Cemetery opens new garden
Columbia Cemetery has converted the site of a former bandstand into a "scattering garden" where families can memorialize loved ones.
More and more families are turning to cremation as a cost-effective alternative to a traditional burial.
Cremation is the process of reducing human remains to ashes, which are placed in a small container, or urn. After enough time has passed to emotionally release the loved one to a final resting place, some question what to do with the cremated remains.
While some families choose to inter the remains in the ground or in a columbarium, others say they want their ashes scattered at the “old home place” or some other meaningful location. One potential drawback to this approach is that those who are left behind might not have a place to go to remember and celebrate that lost life.
Columbia Cemetery has added a scattering garden as an option to fulfill this need.
The garden is planted with perennials and sits inside an octagonal area that once was home to an old bandstand, or pagoda, used for concerts and public gatherings in the late 1800s.
The pagoda eventually was converted into a shed that later burned down from an unattended woodstove fire. A past caretaker planted the cedars framing the garden more than 60 years ago, and the trees have been a landmark in the cemetery ever since.
The pagoda’s original limestone foundation stones remain and will become a permanent memorial engraved with the names of those whose ashes are scattered there.
By choosing to have cremated remains scattered in Columbia Cemetery, families will always have a place to come and remember those who have passed.
Back to top^
club activity ...
Members of the Columbia Garden Club pause for a closer look at the foliage during a June tour of Columbia Cemetery.
On June 14, 2010, 38 members of the Columbia Garden Club enjoyed a walking tour of the Columbia Cemetery. Rain from earlier in the day stopped as the tour began, and the overcast skies kept the heat away for the hour-long walk.
The cemetery was part of a larger tour consisting of five members’ gardens and included three judges from the Federated Garden Clubs of Missouri. The judges were very complimentary and delighted to have the cemetery on the tour this year.
In keeping with the theme of this year’s garden tour, “Let Beauty Surround You,” the overabundance of spring rains made the cemetery grounds quite lush with new growth among its trees, shrubs, flowers and grass. Columbia Cemetery is a fine example of a garden cemetery, a style of burial ground created to commemorate the dead in a tranquil and beautiful natural landscape of trees, shrubs and flowers with carriage roads and walking paths.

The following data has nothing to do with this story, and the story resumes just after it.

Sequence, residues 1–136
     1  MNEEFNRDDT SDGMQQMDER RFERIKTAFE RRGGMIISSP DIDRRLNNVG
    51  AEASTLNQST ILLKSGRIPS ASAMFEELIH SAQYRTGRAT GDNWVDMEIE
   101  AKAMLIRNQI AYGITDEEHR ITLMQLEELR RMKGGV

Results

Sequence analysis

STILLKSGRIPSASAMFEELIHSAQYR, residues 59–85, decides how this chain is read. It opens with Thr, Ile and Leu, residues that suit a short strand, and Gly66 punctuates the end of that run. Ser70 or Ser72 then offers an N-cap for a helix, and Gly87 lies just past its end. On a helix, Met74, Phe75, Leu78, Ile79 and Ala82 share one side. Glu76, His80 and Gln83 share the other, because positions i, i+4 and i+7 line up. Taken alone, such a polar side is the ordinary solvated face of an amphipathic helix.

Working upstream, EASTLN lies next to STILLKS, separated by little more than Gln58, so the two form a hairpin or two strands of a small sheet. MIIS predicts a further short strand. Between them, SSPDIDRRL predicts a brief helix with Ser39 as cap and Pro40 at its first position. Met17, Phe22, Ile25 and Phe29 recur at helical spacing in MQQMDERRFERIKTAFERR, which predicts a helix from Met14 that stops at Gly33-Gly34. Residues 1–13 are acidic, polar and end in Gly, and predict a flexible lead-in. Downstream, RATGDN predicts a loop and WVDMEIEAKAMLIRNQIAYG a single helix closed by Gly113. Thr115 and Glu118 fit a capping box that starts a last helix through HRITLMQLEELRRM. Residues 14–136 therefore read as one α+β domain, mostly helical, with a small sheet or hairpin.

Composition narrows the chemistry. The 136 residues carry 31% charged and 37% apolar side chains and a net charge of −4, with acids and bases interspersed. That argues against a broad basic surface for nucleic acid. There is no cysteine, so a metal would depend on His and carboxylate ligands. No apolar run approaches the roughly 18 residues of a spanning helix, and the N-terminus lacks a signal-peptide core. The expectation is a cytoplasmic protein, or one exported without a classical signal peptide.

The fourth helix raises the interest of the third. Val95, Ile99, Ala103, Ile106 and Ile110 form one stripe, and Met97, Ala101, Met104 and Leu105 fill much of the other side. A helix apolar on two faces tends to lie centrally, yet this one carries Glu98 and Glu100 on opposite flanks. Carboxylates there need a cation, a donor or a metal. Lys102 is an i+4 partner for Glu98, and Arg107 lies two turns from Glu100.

Garden, or rural, cemeteries were intended for public use from the very beginning. Before the development of public parks, these cemeteries provided a place to enjoy refined outdoor recreation amid the art and sculpture of Victorian-era grave markers.
It is not clear if the Columbia Cemetery grounds were originally laid out with the help of a professional landscape architect, but the presence of roadways and walkways indicates some vision early in the cemetery’s history. A set of rules printed in the local newspaper in the 1870s show continued attention to maintaining the grounds: Horses were not to be left untied or allowed to leave the lanes, trees were not to be removed without permission, and the picking of flowers was strictly forbidden.
During the tour, garden club members got a glimpse of other places of interest, such as a newly renovated receiving vault built in 1887; the Jewish cemetery established in 1880; the Farley Mausoleum, built in 1911; and the cemetery’s new columbarium and landscaping, which includes a bronze sculpture by famed local artist Sabra Tull Meyer.
Garden club members agreed that an hour-long walking tour was not enough time to see all the beautiful cemetery landscape and the unusual and beautiful Victorian funerary art on the massive headstones. They also agreed that a return visit to see the fall foliage and the spring flowers would be needed to take in the whole “garden”.
Back to top^
Lynching Victim's gravesite garners attention
In 1923, an angry mob pulled James T. Scott out of the Boone County Jail and hanged him at the Stewart Road Bridge near the University of Missouri campus.
Scott, a black MU employee, had been accused of assaulting a 14-year-old white girl and was scheduled for trial the following month. As members of the mob ushered him toward the bridge early in the morning on April 29, Scott proclaimed his innocence but did not resist. “I know I am going to die, but I am innocent,” Scott told his executioners before he was thrown from the bridge, according to a news account at the time.
Today, Scott’s grave at Columbia Cemetery is marked with a small metal nameplate. To Clyde Ruffin, pastor at Second Baptist Church, that’s not good enough.
Ruffin is behind an effort to raise money for a more appropriate marker. He has in mind a granite monument engraved with the names of Scott and his family, who were members of Second Baptist, along with a statement detailing the events of his death and a message of peace, brotherhood and equal justice under the law.
For Ruffin, it’s a way to bring dignity to Scott’s death by lifting the “umbrella of shame” that surrounds it and turn Scott’s gravesite into a symbol of love and equality.
“In a lot of ways I believe the story of James T. Scott is not complete without a proper marker,” Ruffin said during a recent organizational meeting at Second Baptist, 407 E. Broadway.
An account has been set up at Boone County National Bank to accept donations, and Ruffin has formed a committee to organize a fundraising kickoff in November. The goal is to dedicate a memorial to Scott in April, the month of his death.
Back to top^